Joshua Feinberg (22:49): So, when you're doing a consultation exploratory onboarding, and a CFO or controller is walking through what they see is a vision because “No, no, no, I've seen this already. We've done this with 15 other firms in the last two years, and every single one of them ended up going down this path. Let me save you from that,” and you're providing an enormous value, right?

Baran Sonmez (23:09): Yeah, and it's funny because, as I said, I've been focusing on the home services industry for the last 2-3 years, and we now have a preconfigured approach when we're working with home services clients. Of course, they have the operating system that they're using that we work with called Service Titan, and we build the Intacct structure, sort of. It supports the ecosystem. The chart of accounts is pre-configured. The workflows are pre-configured because after working with, you know, 10, 20, 30 of these clients, we figured out what the best practice is so that we don't have to spend time trying to figure out how the home services industry-specific business processes should work. We already know how they should, and we've already built those workflows into the system. So, we can kind of save some time and headache—both for the client and us—and just offer those best practices upfront, and, you know, cut the implementation time and cut the kind of headache of the client trying to figure out what their processes are, and what the best practices are because most of the value that you offer these implementations are just pointing the client in the right direction and say, “Software can do this. There are a couple of options. Here's our preference. Here's what's best practice. Here's what we've seen before, and it's been very successful.” Those are probably the two kinds of areas that I foresee automation and kind of firms excelling in verticals, which sometimes naturally happens.

Joshua Feinberg (24:44): It seems like also, the world getting more comfortable with collaborating virtually, remotes would lend itself, as well, to that, too, because if you're in a small second or third-tier city, somewhere in the US, the likelihood of finding an Intacct expert on the home services industry is probably relatively small, but as long as the company is comfortable working in the cloud—even if they're a single location—they can partner with a company like AcctTwo.

Baran Sonmez (25:10): Absolutely.

Joshua Feinberg (25:14): Yeah. In terms of any follow-up questions that anyone has, if they're curious about anything you talked about today, Baran, where's the best place for somebody to interact with you, connect with you, learn more about AcctTwo? Are there any particular social media channels that are helpful for that?

Baran Sonmez (25:28): Yeah, we're pretty active on social media. You can follow us on LinkedIn. I would probably point people in that direction. Still, our website, you can visit, one thing that we're offering, that we see as a huge benefit to existing clients that might have been on Intacct for three, four, five years—might have been implemented by us, maybe a different partner, or on Intacct, and they might not be happy, or they think they're not using the product to the fullest—we do business reviews with the clients to analyze their businesses, analyze their processes and kind of recommend where we can improve. So, you can go to our website, and, you know, reach out to us. We can reach back out to you, schedule some time, figure out what your problems are. So, we're always open to working with new clients, always looking forward to expanding our portfolio. So, don't hesitate to reach out if you have any questions if you have any frustrations if you have any automation needs, or any add-on modules that you'd like to see in Intacct, or if you just want to reach out and say, “Hey, am I doing this right? Am I using the product to the fullest?” We’re always happy to help.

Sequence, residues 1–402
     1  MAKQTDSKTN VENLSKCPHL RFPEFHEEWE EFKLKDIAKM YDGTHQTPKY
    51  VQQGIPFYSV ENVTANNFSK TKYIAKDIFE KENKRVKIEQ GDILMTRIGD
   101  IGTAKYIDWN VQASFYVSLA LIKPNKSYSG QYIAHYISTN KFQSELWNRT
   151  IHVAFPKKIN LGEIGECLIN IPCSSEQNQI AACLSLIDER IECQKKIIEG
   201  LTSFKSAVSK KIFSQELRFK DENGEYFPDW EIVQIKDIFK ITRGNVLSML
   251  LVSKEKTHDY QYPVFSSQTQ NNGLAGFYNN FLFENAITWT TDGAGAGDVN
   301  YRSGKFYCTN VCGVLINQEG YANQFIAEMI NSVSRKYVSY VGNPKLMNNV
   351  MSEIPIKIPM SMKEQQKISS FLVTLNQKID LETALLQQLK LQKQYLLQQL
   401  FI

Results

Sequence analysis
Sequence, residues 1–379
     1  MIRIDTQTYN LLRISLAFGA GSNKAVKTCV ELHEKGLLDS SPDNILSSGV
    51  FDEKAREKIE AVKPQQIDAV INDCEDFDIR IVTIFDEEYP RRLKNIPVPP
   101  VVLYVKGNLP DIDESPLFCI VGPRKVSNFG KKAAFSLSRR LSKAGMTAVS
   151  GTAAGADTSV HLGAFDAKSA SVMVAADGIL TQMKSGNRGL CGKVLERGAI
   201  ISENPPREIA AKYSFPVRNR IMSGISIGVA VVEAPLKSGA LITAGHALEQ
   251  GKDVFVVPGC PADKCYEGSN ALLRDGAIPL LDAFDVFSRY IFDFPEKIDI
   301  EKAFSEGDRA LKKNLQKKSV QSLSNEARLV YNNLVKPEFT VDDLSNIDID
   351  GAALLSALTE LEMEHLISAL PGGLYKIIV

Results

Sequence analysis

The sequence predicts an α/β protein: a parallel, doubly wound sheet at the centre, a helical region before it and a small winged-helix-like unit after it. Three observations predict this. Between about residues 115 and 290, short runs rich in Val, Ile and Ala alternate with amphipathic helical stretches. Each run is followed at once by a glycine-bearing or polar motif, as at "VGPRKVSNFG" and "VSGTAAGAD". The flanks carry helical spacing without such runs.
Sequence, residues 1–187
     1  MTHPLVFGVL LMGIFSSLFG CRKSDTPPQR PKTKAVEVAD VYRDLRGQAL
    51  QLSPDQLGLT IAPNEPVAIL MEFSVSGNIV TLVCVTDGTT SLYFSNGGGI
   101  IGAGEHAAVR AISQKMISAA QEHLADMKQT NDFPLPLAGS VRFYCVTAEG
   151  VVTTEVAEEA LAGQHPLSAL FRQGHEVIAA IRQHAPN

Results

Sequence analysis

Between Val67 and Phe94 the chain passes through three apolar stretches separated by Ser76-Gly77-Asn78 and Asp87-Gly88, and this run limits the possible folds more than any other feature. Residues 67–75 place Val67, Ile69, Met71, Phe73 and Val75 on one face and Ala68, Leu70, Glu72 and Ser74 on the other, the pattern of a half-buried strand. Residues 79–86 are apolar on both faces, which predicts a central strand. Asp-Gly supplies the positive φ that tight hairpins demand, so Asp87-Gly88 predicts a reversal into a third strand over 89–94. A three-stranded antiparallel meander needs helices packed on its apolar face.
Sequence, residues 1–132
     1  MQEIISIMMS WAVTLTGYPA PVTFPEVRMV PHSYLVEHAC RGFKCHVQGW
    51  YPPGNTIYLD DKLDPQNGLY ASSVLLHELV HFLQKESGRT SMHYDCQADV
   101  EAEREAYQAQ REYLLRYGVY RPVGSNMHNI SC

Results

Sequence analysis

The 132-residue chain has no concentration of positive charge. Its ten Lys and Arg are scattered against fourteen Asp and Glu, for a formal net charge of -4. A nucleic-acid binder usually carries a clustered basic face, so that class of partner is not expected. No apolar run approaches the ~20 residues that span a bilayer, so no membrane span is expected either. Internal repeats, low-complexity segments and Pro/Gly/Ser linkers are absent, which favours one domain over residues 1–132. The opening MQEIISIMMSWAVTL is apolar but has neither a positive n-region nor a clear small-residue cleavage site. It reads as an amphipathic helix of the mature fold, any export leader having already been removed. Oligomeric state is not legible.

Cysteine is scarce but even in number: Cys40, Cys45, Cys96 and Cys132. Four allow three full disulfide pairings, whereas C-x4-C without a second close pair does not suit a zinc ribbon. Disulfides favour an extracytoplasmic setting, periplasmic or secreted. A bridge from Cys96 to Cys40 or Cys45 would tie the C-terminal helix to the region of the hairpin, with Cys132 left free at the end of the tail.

Joshua Feinberg (26:44): And also, feel free to reach out to Baran and say, “Great podcast, learned so much. It's changed everything. Hey, we probably should talk to you at some point, too, about services.” And the interesting part with these kinds of interviews is yes, there's a release, but it's also entirely possible that you'll be at a conference two years from now, and someone's going to say, “Hey, wait a second. I remember watching you on that podcast, and you gave me this great tip on dimensions and reporting. Thank you. Can I buy you a beer?”

Baran Sonmez (27:10): Right. Perfect. I’m looking forward to that, too.

Joshua Feinberg (27:13): That’s awesome. Well, Baran, thanks so much for joining me on our podcast today. Appreciate it.

Baran Sonmez (27:18): Thanks, Joshua. Have a good one.

Voiceover Announcer (27:20): Thanks for listening to this episode of the AI in Accounting Podcast. To subscribe and leave a review, check us out at or wherever you like to consume podcast episodes, including Apple Podcasts, Google Podcasts, and YouTube.

What's your favorite Sage Intacct tip? And what did you find most valuable from Baran Sonmez's podcast interview? Let us know in the Comments section below.

And if you're serious about taking your Sage Intacct knowledge to the next level, download the free eBook: Sage Intacct Best Practices for Outsourced Accounting, Advisory Services, and VARs || Not Just for Mid-Market Firms Anymore.

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Topics: Podcast, Sage Intacct